Plug-In Hybrid's war: VOLVO XC40

Plug-In Hybrid's war: VOLVO XC40

Ford and Peugeot are only just getting their act together with plug-in hybrids, but Volvo is well and truly in its stride, offering at least one per model and quietly deleting diesel in the process. In fact, the Swedish maker is entering phase two of its electrification era, and has now renamed its plugins Recharge, from Twin Engine – though the Recharge name also confusingly applies to pure EVs. 

Volvo’s ‘tough little robot’ (the words of former Volvo exterior designer Ian Kettle) has bags of character, its boxy silhouette giving off such ultra-modern vibes, with creases in all the right places and Volvo’s now ubiquitous ‘Thor’s Hammer’ light signature cutting crisp lines through the front end. Volvo’s baby crossover is dripping with cool. Get inside and the XC40 continues to impress, as its cockpit is in a whole other league in terms of quality, particularly compared with the austere Ford. The skinny, super-supportive seats (in a tasty caramel leather in this Inscription Pro model), the Orrefors crystal gear selector, the ‘Since 1955’ etchings on the seatbelts and the contoured door inlays… all of these little details in such a well-built interior make the XC40 feel truly special. It does practical too, with the largest boot on test. 

Compared with the Kuga and 3008’s infotainment screens, the Sensus Connect system has iPad-like reflexes and is pin sharp, although the selection screens either side of the main home screen are more than a little baffling. While we complain about Peugeot putting literally everything behind a menu, Volvo does the exact opposite and shows all of your possible infotainment and vehicle controls on a single platter, making it tricky to find what you want at a glance. The hybrid powertrain management controls are bundled right next to all of the XC40’s safety tech, for instance, making it easy to switch off blindspot monitoring when you’re actually aiming for the Battery Hold button. Air-con controls are also relegated to a couple of touchscreen taps (just like the Peugeot), rather than physical dials and switchgear. But Volvo’s take on button reduction works better than Peugeot’s, despite its flaws. There’s an odd niggle with that crystal gear selector, though: why push or pull the lever twice to select Drive or Reverse? You get used to it if it’s the only car you drive, but it feels like an unnecessary complication that can be confusing when you’re mid-manoeuvre and in a hurry.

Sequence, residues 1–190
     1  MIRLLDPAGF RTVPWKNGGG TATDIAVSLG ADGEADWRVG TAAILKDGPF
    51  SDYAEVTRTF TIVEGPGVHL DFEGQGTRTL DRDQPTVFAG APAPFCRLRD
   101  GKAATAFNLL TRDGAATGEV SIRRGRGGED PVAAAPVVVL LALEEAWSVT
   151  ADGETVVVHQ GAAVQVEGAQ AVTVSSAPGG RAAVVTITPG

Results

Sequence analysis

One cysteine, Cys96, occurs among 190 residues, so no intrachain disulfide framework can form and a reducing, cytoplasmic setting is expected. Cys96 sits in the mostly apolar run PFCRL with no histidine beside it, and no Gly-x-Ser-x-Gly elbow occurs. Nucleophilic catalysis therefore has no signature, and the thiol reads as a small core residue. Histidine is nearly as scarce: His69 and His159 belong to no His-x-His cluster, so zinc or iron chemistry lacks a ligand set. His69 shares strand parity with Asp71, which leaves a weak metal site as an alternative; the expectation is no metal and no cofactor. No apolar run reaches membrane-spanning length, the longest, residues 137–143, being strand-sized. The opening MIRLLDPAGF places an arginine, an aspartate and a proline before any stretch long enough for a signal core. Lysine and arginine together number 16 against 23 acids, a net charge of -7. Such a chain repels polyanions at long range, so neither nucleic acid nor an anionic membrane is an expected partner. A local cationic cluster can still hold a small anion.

2020 Volvo XC40 hybrid interior 

Volvo has opted for a three-cylinder turbo as the Recharge PHEV’s combustion engine rather than the four-cylinders used by its Giant Test rivals. The engine is shrouded in soundproofing to the point that even at high revs the hushed ambience inside isn’t upset – this really is a refined place in which to spend time isolating yourself from the world. And when you do hear it, that classic gargly engine note is another welcome quirk of an already quirky car. The Volvo’s engine is the keenest to wake from EV mode of the three cars, as the threshold for electric power (shown on the swooping semi-circle power meter split with a lightning bolt and drop of petrol) is easy to breach even when driving around town. Hoof it and the powertrain deftly manages your throttle requests – with much less latency than the Peugeot, and it’s faster than the Kuga. 

Like the Peugeot, the XC40 doesn’t enjoy being driven hard but in an entirely different way – there are hard edges to the driving dynamics that don’t translate well if you’re in the mood for fun. The biggest of these buzzkills is the brakes; the pedal is wired, firm and ready to snap at you like a Rottweiler if you so much as look at it the wrong way. It’s so sensitive that just a moderately firm prod of the brake pedal can trigger the anti-lock brake system. But there’s an impressive chassis here, even if it feels sullied by the PHEV’s additional weight. Bodyroll is minimal, with the blocky XC40 cornering flatter than either of these Giant Test rivals when the going gets twisty. But the ride is firm to the point of the Volvo feeling brittle in this specification, with the taut suspension and large wheels on this Inscription Pro model sharpening potholes and road imperfections at higher speeds. Turn in with some vim and the steering – smooth, light and accurate at low speeds – starts to feel soggy as the XC40 washes into understeer with an accompanying squeak from the over-stressed front tyres. You’ll need to step up to an XC60 or S60 saloon if you want allwheel drive from your hybrid Volvo. 

While it feels fast enough and super refined, there’s also a pent-up harshness to the ride that’s hard to ignore. So this is no dynamic masterclass, but what the Volvo concentrates on is making you feel special when you’re sitting inside. The result is this is a much nicer place to spend your journeys than either the Ford or the Peugeot. 

Driver Car

Nice Volvo